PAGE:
If removing the larger number results in a countably infinite set of numbers [the odd integers] at completion,

then removing the smaller number cannot result in an empty set at completion.

Just because, after a finite number of operations, B contains the same number of balls whether you discarded the lowest valued element, or a other element, does not mean the same is true after "infinitely many" operations. This is because the final result of dividing the a set (in this case, N) into subsets is the same if I do so consecutively or simultaneously. If I remove the first ten elements from A, I have ten elements in B. If I remove the first ten odd elements of A, I still have ten elements in B. However, if I remove every element of A, A will be empty, and B will have an infinite number of elements. If I remove every other element, I still have an infinite number of elements in both A and B.

At any point in the sequence, I can say that the union of A, B, and C (or the discarded numbers) is the set of natural numbers, and that the intersection of any two is empty (and therefore the intersection of all three). The initial condition is A=N, and the final condition is C=N. The process is conservative (numbers/balls are only moved, not created or destroyed), so the final condition must also be A=B={}.

To see this, restate the problem.

[etc...]

Please describe how in either case bin B eventually becomes empty.

It depends which ball is moved/discarded. They are not all equivalent, because you can choose from all members of A, or from just a subset of A, as described above.

If talking about a finite number of operations and then letting that number approach infinity is fallacious [it isn't] your argument is fallacious.

You can only define the limit of a sequence if it converges to a finite value as its argument approaches infinity. In this case the sequence is simply (n), which does not converge. My logic does not require the limit to be defined.

A proper subset of a countably infinite set can also be countably infinite [the set of even integers is a countably infinite proper subset of the set of integers].

Thus, just because you have accounted for a countably infinite number of natural numbers [those removed from bin B] it does not follow that you have accounted for all of them.

I am not claiming that A and B are empty because an infinite number of elements are discarded. You could, for example, devise a sequence by which you end up with the prime numbers in A, all other odd numbers in B, and all even numbers greater than 2 discarded. All of these are countably infinite subsets of N. It is because we are always discarding the lowest valued existing element from the remaining natural numbers in A and B that the discarded numbers must comprise the entire set of natural numbers, and are therefore all accounted for. If you can provide an example of just one element of A that does not get discarded, then I will accept my argument as false.

Consider the sequence {1, 2, 3, ..., N, N+1, N+2, N+3, ... 2N}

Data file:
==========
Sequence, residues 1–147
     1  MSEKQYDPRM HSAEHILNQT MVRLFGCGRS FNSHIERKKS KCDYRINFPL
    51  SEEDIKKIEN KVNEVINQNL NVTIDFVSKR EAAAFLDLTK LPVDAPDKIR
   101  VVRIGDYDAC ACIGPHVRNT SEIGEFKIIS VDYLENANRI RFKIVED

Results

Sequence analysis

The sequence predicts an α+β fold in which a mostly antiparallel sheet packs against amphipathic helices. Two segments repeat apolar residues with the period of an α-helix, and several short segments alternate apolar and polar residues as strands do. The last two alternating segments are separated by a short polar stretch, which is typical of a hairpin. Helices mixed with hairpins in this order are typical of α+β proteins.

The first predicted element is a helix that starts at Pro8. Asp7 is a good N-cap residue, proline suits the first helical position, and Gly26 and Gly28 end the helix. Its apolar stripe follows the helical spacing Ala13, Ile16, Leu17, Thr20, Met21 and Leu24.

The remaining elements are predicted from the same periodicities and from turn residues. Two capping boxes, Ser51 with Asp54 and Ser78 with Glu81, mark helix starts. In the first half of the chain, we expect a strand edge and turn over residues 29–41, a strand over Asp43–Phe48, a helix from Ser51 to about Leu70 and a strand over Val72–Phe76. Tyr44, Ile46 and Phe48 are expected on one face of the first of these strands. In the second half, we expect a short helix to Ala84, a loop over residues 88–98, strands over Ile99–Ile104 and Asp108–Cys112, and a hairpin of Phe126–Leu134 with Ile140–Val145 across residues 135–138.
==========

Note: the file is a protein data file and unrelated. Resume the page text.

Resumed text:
Remove the first N of the elements.

Let N approach infinity.

You will have removed a countably infinite subset of integers from the sequence.

Does that mean you have removed all the elements of the sequence?

[etc...]

You cannot let N->infinity because the concept of infinity+1 or 2*infinity is invalid.

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• 0

There's no difference between removing half of the balls by taking every other ball or taking the first half of the balls.

The number of balls that remain is the same.

But since you're still wriggling around in your quicksand, try this:

Wipe all the numbers off the balls.

1. Move two balls from A to B.
2. Move one ball from B to C.
3. Repeat.
Note this is equivalent to
1. Move one ball from A to B.
2. Move one ball from A to C.
3. Repeat.
I'll either enjoy - or be embarrassed for you - if you try to get bin B empty this time.

Have at it. ##### Share on other sites
• 0 Bin A has infinite number of balls.

After the first move Bin A has (infinite -2) balls and we all know the result is infinite and Bin B has 1 ball, since 2 goes in and one goes out.

After the 2nd move Bin A has (infinite -2) balls = infinite balls and Bin B has 2 balls.

After (infinite - 1) move Bin A has (infinite -2) balls = infinite balls and Bin B has [1 + (infinite - 1)] = infinite balls.

Therefore after infinite moves Bin A has infinite balls and Bin B also has infinite balls.

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• 0 The original task as stated is not possible -

1. Bin A would have to be infinitely large to contain an infinite number of ping pong balls (unless the balls were infinitely small!)

2. If each ball has a unique number on it and have to be transferred in order, it would take an infinitely long time to find balls 1 and 2 in Bin A so you could never transfer any.

We are asked for just the final number in each bin. Therefore the task could be altered so that you just take any two balls at random from bin A and transfer them to bin B. However, with each transfer you have to transfer them faster and faster from A to B, to transfer them in less time. Well before the minute is up, you will be moving balls from bin A to B at the speed of light which cannot be exceeded so the task cannot be completed any way!